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Scientist examining test tube in a laboratory.


According to the Global Cancer Statistics 2020, cases of leukemia are on the rise worldwide:  almost 500.000 new cases of leukemia were registered in 2020. It is estimated globally that these numbers will rise more than 35% in the coming 20 years.1


These statistics strongly encourage to better understanding the origin of these diseases, finding the best way to diagnose and treat them, using state-of-the-art techniques and reagents.


The hematopoietic system is responsible for hematopoiesis, which is the physiological, dynamic, and continuous process ensuring the production of cellular blood components.  The structure of the system is complex, and involves different organs and tissues including bone marrow, spleen, thymus and lymph nodes.  Hematopoietic stem cells play a central role in there, due to their unique ability to give rise to all the different mature blood cell types and tissues.  More precisely, hematopoietic stem cells will develop into either myeloid or lymphoid stem cells with different functions.  Understanding the myeloid or lymphoid origin of pathological cells in the context of hematological disorders will be crucial for diagnosis, prognosis and patient therapy.


Myeloid stem cells will give rise to granulocytes, monocytes, red blood cells or platelets. While granulocytes and monocytes are fighting infections and killing bacteria, red blood cells are responsible to supply oxygen to all tissues of the body, and platelets are important to form blood clots in case of bleeding or injuries.    Lymphoid stem cells develop into various types of fully differentiated cells which are crucial in fighting against infections and attacking abnormal cells which can enter the body. Three main cell types can be considered and constitute our immune system: B-cell lymphocytes, T-cell lymphocytes, and NK cells, all with specific characteristics and functions.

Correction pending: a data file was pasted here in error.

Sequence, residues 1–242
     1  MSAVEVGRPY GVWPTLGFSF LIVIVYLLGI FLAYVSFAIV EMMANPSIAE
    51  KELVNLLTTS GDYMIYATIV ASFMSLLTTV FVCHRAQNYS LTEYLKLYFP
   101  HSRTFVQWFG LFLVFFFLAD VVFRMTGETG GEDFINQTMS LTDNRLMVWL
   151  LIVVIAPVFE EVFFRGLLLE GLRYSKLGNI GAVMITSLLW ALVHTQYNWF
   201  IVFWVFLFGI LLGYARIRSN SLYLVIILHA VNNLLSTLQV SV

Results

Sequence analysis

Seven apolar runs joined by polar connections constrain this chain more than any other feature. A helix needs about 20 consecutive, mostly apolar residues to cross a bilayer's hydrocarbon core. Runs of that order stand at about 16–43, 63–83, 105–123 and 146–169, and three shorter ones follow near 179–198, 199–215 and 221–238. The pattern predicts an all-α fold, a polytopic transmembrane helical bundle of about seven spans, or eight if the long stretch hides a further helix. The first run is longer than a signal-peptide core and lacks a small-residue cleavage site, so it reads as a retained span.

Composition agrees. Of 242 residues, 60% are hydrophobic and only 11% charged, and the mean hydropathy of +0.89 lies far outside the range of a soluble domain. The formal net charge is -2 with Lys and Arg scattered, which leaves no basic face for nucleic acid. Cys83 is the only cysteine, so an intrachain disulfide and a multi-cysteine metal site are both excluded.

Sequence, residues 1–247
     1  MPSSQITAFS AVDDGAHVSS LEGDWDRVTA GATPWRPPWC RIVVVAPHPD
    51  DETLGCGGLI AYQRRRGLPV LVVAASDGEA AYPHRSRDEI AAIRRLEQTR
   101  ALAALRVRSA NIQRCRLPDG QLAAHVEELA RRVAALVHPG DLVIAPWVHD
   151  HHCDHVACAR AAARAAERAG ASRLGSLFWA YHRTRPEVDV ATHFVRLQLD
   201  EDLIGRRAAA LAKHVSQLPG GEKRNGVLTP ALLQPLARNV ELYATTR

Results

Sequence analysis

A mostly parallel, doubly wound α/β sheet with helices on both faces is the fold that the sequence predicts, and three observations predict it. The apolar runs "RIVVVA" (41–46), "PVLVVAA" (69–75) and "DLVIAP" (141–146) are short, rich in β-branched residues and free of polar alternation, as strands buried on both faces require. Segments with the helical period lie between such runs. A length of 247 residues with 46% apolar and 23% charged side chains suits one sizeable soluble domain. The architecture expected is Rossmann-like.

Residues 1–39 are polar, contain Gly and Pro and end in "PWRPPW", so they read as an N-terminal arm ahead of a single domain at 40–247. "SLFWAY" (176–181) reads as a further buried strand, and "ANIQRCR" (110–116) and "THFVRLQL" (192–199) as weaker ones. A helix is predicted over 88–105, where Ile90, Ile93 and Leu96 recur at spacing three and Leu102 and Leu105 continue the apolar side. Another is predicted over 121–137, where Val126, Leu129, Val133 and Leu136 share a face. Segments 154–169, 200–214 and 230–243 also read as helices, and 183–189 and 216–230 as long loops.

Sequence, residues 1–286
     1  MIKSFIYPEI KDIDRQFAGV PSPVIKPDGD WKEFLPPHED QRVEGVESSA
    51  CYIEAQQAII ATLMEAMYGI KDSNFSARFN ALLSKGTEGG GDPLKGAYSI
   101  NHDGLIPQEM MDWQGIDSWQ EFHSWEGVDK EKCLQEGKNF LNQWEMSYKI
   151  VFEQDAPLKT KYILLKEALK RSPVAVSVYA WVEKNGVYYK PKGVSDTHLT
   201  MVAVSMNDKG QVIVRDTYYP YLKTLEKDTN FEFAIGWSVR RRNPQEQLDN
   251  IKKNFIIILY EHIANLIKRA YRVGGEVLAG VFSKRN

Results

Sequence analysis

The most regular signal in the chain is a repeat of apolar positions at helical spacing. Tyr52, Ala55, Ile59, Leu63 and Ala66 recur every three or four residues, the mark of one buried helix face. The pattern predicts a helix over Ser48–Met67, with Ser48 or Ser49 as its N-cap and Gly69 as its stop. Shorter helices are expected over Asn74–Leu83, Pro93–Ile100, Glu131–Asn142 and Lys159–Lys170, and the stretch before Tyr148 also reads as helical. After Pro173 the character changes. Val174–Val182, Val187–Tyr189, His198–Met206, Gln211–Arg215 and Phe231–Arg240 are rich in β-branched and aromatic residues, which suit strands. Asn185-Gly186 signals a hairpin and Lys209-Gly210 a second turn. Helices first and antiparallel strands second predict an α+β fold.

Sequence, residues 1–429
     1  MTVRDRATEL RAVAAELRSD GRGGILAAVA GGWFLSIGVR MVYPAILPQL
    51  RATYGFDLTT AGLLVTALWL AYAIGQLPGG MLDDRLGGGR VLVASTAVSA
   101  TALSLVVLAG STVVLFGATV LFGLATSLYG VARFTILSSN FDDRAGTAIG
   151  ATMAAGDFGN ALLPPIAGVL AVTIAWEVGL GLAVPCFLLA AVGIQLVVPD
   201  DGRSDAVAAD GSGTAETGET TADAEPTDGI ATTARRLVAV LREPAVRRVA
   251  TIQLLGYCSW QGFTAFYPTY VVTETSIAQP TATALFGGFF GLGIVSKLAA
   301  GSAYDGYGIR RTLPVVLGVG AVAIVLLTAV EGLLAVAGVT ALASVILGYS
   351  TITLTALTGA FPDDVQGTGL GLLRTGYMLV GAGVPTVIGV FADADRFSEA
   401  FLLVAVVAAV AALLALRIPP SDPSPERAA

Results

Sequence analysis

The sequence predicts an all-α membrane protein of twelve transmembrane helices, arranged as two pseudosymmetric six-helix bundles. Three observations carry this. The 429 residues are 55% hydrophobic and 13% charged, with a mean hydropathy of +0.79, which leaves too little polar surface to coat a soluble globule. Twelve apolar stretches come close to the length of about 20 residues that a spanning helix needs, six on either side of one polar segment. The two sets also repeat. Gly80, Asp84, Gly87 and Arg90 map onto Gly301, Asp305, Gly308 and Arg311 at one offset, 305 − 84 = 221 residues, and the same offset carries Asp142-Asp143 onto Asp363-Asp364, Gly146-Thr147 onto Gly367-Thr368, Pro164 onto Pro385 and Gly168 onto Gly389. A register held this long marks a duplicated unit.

Many different stages can be identified during the normal development of myeloid and lymphoid stem cells, all the way to their fully differentiated and functional cellular state in blood or tissues.   Transformation from a normal to a malignant state can occur at any stage of cell differentiation.   Moreover, proliferation of malignant cells may become uncontrolled, and they can invade organs or tissue like bone marrow, blood, spleen, or lymph nodes. This is the origin of a hematopoietic disorder, and more specifically, of a leukemia and/or a lymphoma.    Leukemia characterization and classification can be a challenge, due to their complexity and heterogeneity in term of severity, treatment, and outcome.  Also, while some forms of leukemia are more common in children, others occur more frequently in adults.


Most types of leukemia usually involve white blood cells and are divided into two main groups, in relation to the type of cells they derive from: lymphocytic leukemias developing from lymphoid cells, and myeloid leukemias developing from myeloid cells.